“I also won’t take for granted how fortunate I am to have you: fans that truly appreciate my work, who I am, and how I go about my business. I miss seeing you all and I miss going out there and competing for you. I don’t know when I’ll be able to compete again, but I will continue to work hard and give you all my best when we’re back out there.

    “Tough times like now, and when KB 8/24 [Kobe Bryant] passed away, make you take a step back and realize what’s important in life: faith, family and friends. Be safe and let’s be there for each other now. God Bless.”  (Harding - mlb.com - 3/21/2020)

  • Entering the 2020 season, Arenado is the WAR leader for the Rockies.

  • In 2018, Arenado charged the Padres’ Luis Perdomo for throwing a pitch behind him. And in 2019, Cubs lefty Cole Hamels hit Arenado on the left elbow in what most interpreted as a retaliatory measure for guys who got hit earlier in the series. Arenado yelled toward Hamels and toward the Cubs’ dugout. Given what he did when he took exception to the Perdomo pitch a year earlier, no one seemed to step toward him. (MLB.com - Apr. 29, 2020)

  • 2020 Season: 1.4 rWAR

    Like the rest of us, Nolan had a 2020 that was, well, very 2020.

    Not even a year after signing an eight-year, $260 million contract, rumors began circulating that the Rockies were shopping their All-Star third baseman. The organization was distressingly silent, and Arenado said he felt “disrespected.” When spring training began, we learned Arenado and Bridich had not spoken, and fans agonized over whether the Rockies would go through with a trade.

    But that was in the Before Times.

    With the disruption of baseball and, literally, everything, the Arenado-Bridich Cold War fell to the wayside, especially as baseball organizations grappled with implementing COVID protocols and playing in empty stadiums.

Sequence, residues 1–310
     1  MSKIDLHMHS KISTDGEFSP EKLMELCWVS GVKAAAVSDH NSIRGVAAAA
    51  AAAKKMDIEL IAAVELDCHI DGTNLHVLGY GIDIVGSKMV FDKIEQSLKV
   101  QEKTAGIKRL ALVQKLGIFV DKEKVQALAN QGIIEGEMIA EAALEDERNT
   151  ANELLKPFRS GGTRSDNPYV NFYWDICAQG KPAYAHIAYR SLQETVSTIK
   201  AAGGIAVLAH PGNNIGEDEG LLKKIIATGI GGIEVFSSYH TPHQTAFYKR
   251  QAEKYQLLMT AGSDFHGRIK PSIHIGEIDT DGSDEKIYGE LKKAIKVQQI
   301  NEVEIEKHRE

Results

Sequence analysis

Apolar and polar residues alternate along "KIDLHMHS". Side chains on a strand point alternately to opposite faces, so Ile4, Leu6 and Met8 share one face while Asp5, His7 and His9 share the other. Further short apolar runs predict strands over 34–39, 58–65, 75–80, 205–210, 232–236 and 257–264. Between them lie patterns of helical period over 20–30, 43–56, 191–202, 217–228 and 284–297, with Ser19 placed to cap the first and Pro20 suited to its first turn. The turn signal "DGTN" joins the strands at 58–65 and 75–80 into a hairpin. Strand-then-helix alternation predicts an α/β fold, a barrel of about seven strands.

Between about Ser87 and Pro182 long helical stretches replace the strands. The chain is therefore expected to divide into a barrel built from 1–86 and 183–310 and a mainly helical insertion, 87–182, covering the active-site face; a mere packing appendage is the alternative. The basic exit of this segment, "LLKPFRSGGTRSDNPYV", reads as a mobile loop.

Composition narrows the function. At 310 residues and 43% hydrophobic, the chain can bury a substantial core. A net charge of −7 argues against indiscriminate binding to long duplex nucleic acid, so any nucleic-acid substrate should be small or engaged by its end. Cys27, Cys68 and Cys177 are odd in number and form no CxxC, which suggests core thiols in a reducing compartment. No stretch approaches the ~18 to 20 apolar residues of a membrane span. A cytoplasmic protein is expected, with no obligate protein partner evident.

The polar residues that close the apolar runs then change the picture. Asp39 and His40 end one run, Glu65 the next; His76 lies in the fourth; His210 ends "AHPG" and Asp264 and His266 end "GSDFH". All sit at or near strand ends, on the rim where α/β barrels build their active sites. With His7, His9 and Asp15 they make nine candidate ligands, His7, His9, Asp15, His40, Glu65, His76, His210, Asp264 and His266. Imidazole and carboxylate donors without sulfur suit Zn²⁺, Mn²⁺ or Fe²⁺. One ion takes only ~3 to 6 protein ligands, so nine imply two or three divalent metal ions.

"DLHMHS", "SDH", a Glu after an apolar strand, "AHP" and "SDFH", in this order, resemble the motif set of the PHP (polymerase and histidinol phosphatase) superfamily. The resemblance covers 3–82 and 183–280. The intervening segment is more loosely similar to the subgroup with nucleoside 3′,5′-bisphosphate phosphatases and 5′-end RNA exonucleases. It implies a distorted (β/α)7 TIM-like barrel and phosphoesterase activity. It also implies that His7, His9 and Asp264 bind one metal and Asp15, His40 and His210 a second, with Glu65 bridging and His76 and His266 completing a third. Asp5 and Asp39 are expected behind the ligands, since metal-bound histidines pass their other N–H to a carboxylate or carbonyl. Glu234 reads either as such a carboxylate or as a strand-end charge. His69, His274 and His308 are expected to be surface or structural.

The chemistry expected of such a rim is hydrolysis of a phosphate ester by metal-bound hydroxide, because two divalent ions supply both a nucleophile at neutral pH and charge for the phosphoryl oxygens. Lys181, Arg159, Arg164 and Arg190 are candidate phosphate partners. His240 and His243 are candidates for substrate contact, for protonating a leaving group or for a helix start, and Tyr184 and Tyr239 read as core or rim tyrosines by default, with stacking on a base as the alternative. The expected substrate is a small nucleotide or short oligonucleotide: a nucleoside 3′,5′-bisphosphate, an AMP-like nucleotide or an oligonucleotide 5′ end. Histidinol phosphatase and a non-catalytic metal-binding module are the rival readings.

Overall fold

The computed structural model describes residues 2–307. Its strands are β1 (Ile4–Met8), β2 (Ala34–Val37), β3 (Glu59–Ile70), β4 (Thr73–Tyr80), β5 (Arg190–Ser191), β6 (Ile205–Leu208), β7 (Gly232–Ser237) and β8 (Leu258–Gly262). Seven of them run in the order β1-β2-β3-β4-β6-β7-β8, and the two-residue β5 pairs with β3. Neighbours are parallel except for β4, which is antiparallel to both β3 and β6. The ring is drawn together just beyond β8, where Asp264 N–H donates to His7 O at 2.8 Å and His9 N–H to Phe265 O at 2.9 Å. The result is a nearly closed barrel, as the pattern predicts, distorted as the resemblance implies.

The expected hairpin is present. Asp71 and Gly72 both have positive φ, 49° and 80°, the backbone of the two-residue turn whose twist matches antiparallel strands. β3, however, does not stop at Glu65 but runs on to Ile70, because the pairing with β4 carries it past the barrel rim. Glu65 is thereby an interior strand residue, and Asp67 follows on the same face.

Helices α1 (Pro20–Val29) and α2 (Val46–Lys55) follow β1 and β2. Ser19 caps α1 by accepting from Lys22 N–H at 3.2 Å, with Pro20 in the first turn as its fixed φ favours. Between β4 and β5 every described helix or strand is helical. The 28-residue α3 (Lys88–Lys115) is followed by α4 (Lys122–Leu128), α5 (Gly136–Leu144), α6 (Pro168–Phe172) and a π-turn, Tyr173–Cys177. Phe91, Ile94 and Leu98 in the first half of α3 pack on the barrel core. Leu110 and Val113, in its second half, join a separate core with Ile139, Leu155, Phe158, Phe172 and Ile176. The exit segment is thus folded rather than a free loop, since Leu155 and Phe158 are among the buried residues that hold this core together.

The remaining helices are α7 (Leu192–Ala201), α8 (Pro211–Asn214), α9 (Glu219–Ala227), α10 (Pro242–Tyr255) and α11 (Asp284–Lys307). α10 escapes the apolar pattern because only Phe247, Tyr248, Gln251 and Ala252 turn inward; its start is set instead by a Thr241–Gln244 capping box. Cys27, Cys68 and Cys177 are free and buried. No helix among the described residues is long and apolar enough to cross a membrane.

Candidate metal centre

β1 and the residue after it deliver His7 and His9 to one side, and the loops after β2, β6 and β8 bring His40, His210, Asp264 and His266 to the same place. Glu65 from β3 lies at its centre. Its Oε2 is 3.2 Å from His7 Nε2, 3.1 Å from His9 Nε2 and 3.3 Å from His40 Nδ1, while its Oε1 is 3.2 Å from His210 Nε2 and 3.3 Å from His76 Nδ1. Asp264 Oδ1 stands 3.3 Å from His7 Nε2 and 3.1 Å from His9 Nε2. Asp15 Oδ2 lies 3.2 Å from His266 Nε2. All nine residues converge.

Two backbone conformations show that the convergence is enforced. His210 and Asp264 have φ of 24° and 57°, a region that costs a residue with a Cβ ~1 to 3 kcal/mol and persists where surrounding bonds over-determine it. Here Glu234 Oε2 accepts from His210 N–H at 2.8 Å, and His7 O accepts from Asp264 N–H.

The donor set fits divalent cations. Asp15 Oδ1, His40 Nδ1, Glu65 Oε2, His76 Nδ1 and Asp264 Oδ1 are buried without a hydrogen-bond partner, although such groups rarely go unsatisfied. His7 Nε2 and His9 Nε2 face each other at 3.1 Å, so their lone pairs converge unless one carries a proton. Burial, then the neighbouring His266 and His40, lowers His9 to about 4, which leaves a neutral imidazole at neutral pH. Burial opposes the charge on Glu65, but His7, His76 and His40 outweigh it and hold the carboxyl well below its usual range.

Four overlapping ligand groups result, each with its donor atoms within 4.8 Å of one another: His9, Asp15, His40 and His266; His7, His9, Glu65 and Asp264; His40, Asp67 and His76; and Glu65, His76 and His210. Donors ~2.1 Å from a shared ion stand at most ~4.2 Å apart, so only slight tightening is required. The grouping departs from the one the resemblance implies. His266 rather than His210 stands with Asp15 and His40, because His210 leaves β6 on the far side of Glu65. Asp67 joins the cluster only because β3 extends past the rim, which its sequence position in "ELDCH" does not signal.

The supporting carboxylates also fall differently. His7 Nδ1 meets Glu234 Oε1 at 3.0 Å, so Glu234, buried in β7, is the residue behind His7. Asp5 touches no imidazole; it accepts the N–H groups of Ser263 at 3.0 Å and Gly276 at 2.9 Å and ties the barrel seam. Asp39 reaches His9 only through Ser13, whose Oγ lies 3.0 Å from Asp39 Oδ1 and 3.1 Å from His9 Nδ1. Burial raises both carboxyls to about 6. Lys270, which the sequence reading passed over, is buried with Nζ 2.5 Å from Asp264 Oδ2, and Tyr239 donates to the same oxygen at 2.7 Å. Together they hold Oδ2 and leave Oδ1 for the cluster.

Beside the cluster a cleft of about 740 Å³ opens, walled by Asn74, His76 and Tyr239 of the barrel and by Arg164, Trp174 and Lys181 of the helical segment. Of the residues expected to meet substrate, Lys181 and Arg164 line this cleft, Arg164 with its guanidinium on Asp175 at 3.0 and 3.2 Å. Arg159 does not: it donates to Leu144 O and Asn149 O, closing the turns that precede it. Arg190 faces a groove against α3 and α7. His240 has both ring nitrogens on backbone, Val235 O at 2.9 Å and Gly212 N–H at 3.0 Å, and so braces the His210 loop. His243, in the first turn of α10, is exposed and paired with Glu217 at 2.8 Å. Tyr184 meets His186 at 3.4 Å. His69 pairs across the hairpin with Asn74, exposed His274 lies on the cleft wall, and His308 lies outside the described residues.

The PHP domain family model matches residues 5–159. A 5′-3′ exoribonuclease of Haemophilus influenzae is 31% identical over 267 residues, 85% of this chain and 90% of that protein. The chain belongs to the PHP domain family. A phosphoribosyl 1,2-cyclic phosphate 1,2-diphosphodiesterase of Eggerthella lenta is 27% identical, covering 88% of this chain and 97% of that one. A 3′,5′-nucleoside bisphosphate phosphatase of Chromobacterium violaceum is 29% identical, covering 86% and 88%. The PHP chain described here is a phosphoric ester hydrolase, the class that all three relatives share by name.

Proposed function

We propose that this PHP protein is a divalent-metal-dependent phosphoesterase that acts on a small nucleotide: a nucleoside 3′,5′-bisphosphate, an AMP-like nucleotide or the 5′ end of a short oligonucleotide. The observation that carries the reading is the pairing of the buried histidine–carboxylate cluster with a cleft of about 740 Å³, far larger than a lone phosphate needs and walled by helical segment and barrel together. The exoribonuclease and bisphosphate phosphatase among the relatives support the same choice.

In June, we were so grateful to have Summer Camp and then baseball back — to see Nolan Arenado play — that we lived in the moment and ignored the possibility of a trade. For Arenado, 2020 would become even more bizarre. Defensively, he was masterful, earning a DRS of 15, the best in baseball and almost twice that of the closest Rocky, Josh Fuentes with a DRS of 8. 

    He earned his eighth Gold Glove nomination and his fourth Fielding Bible award, tying Adrián Beltré. Defensively, Arenado was terrific.

    “I felt like my defense was better than it’s ever been,” he said. He’s not wrong. And getting to watch Josh Fuentes at first scooping up those throws was a treat in a year that didn’t offer many of them.

    You know what? Let’s watch two more breathtakingly-awesome-totally-Nolan catches.

    Offensively, however, he struggled. Arenado slashed .253/.303/.434 with a wRC+ of 76. In 48 games, he hit only eight home runs and 26 RBI, numbers comparable with his rookie season (.267/.301/.405).

    There was more to it, however. When the Rockies played the Athletics on July 29, Arenado made a diving stop to get to a Stephen Piscotty grounder. The play jarred his left shoulder. Arenado attempted to play through it (#NolanBeingNolan), but the injury eventually resulted in an inflamed AC joint and bone bruise. On September 21, for just the second time in his career, Arenado was placed on the IL. (Renee Dechert@307Renee - Nov 2, 2020)

  • Feb 22, 2020: One of the important conversations Arenado has already had was with Nolan Gorman, the Card’s No. 2 prospect once thought to be the third baseman of the future. Gorman, for his part, has been taking reps at second base this spring and could see time in the corner-outfield spots. All signs there are positive, too.

    It's been all love between the two Nolans. The elder Nolan likes what he’s seen from the younger, and Gorman has expressed excitement to learn from Arenado. Both were early reports to camp, having gone on a golfing excursion in the Jupiter area together, Arenado said.

    “That trade stuff is probably a weird adjustment, but it seems like he isn't complaining,” Arenado said. “... He seems like he's all-in and it looks like he wants to contribute, and that's the kind of player you want on your team. I believe he’ll have an impact with this one day, and hopefully it's sooner rather than later.”

    Arenado has said that he holds a longstanding respect for the Cardinals, dating back to when he first played at Busch Stadium and was instructed by Troy Tulowitzki to observe how the club conducts itself in its routine. Now, getting enveloped, he’s finding it to be true first-hand.

    “Everything I think about this organization has kind of come to light,” Arenado said.